Current research at the Chair of Industrial and Automotive Drivetrains are focusing on the geometric adaptation of the flank contour. Regarding other gear types, the involute is not the best possible optimization in every case. In worm gearboxes, the ZC geometry has become established. In particular, the good smoothness behavior of the concave-convex pairing proves lower surface pressure. In helical gears, an S-profile modification often occurs. The change in curvature of the flank shape still occurs in the active working flank and not at the transition to the tooth root fillet curve. This prevents high pressure at the end of meshing in the tooth root area. The advantages of these flank shapes were transferred to crossed helical gears in a new calculation software and provide verifiable optimizations.

Figure 1: Coordinate systems of the worm, wheel and counterpart rack for the profile generation

The advantage of the new calculation algorithm is that all types of flank shapes and profile modifications can be calculated. This was not possible with the previous programs and limits the choice for finding an optimized gear. As with Niemann and Winter [1], the geometries of both gears are derived from the profile of a counterpart rack. The latest research is considered, which extend the range of valid crossed helical gears. It is proven that the screw point is not a necessary criterion. There are many gears without this point that run optimally [2]. Furthermore, crossed helical gears are insensitive with respect to deviations of the axis crossing angle and when choosing the helix angles. These can be freely selected and do not have to add up to the axis crossing angle. Often, the knowledge about the tolerances of worm gearboxes is "daunting" for users due to the similarity of the gears. The tolerances for crossed helical gears are much wider. During installation, it is not necessary to check the contact pattern. Consequently, they are much easier to manage.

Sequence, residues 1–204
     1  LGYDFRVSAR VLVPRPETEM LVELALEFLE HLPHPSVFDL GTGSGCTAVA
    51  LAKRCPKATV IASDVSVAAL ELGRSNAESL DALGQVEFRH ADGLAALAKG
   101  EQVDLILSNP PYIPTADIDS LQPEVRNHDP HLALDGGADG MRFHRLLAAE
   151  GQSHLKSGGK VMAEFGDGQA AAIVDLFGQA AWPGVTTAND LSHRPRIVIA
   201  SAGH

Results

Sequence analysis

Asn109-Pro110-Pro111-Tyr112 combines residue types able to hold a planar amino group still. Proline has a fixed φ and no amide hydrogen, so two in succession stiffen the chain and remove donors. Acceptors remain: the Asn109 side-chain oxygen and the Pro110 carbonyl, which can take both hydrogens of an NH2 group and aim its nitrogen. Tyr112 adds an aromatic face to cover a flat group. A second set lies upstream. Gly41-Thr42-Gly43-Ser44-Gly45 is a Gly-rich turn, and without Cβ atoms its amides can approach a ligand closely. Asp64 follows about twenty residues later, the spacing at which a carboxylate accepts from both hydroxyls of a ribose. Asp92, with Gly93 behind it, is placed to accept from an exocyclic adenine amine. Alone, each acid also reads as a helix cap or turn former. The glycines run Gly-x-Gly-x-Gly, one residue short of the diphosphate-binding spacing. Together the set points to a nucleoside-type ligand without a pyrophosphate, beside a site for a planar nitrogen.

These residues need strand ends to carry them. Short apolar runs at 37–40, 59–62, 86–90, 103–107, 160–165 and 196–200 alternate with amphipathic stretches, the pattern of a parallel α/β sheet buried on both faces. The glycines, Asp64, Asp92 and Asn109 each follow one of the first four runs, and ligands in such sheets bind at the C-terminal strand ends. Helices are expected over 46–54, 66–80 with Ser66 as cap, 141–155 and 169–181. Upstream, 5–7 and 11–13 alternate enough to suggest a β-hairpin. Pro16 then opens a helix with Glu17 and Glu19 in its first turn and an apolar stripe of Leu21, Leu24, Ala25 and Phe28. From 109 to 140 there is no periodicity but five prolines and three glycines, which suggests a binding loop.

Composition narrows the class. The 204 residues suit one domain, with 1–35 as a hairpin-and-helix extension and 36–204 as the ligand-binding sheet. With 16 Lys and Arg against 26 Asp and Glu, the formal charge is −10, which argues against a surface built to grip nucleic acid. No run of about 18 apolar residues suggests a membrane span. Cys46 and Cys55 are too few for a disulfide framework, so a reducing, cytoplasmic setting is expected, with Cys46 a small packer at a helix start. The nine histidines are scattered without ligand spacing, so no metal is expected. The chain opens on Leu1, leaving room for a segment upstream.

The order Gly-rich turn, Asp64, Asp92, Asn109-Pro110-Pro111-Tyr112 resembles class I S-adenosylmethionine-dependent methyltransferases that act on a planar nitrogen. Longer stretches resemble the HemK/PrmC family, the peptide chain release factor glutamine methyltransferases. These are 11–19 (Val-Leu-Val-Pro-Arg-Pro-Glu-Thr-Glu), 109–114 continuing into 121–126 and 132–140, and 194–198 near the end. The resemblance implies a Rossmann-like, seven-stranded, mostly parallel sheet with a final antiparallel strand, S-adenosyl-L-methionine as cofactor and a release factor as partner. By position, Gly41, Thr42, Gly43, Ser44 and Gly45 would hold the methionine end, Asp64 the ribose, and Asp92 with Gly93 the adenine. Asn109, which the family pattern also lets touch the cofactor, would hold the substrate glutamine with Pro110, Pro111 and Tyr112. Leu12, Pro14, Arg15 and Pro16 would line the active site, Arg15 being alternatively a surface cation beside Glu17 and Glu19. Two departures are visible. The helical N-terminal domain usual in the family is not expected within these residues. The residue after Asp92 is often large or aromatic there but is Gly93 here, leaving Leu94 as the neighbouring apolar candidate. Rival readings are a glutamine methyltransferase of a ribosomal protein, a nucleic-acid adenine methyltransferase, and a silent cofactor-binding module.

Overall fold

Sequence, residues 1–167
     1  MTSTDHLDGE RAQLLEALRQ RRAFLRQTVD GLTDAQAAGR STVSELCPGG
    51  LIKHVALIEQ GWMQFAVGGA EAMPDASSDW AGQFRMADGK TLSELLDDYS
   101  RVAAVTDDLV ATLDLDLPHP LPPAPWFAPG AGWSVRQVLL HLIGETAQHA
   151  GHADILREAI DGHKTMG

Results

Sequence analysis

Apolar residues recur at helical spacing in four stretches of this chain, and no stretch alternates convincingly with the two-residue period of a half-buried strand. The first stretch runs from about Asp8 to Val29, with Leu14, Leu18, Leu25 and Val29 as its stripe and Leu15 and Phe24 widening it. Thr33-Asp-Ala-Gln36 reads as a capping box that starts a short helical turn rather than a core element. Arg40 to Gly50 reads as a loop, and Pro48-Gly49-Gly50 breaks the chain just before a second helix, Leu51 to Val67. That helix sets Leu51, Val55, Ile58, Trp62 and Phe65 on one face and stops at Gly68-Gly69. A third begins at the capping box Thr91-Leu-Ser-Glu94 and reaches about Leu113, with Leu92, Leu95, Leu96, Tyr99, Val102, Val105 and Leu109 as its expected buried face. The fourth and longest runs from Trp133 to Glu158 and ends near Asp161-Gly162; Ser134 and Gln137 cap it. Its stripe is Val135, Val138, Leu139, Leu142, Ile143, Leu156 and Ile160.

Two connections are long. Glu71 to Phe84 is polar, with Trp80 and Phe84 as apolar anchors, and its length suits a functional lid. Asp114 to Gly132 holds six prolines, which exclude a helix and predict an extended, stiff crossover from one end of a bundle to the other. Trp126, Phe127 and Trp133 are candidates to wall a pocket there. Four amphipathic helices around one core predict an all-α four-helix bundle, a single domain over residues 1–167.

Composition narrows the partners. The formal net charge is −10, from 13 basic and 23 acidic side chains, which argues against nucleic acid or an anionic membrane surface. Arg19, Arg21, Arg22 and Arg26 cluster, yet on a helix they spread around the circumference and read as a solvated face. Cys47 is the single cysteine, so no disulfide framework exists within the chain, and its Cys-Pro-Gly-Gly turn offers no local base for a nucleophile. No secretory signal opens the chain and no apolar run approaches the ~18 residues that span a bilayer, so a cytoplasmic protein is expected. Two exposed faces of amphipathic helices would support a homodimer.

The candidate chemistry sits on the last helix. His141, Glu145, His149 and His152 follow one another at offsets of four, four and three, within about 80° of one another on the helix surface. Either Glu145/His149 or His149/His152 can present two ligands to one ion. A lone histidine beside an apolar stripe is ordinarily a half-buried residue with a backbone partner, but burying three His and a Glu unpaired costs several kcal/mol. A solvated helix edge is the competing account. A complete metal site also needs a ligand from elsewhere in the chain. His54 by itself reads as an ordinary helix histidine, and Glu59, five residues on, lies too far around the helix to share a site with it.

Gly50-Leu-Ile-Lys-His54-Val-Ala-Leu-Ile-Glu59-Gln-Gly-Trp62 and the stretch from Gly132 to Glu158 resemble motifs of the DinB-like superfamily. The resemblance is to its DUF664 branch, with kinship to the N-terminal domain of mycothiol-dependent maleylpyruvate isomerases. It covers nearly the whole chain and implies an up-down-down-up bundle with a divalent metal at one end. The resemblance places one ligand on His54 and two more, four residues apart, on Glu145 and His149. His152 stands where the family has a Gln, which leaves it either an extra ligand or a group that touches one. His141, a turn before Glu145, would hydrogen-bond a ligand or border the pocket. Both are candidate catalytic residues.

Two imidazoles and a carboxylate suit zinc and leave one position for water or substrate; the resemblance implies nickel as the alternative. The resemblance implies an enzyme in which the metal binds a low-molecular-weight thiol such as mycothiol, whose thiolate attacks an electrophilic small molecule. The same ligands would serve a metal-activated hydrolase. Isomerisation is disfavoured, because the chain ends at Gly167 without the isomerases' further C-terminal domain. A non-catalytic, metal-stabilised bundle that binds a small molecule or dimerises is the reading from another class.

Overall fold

The calculated transverse geometries can be processed in two ways. On the one hand, they are transformed into 3D models and prepared for additive manufacturing. In this case, the optimized gears can be tested and evaluated directly on a test rig without deviations. On the other hand, the meshing behavior will be analyzed. A parameter network describes the flank surface in vector form. Principal curvatures and principal curvature directions can be calculated using general formulas for any type of curved surface. With this information and knowledge of size and position of the contact ellipses, flank pressures and sliding paths can be calculated.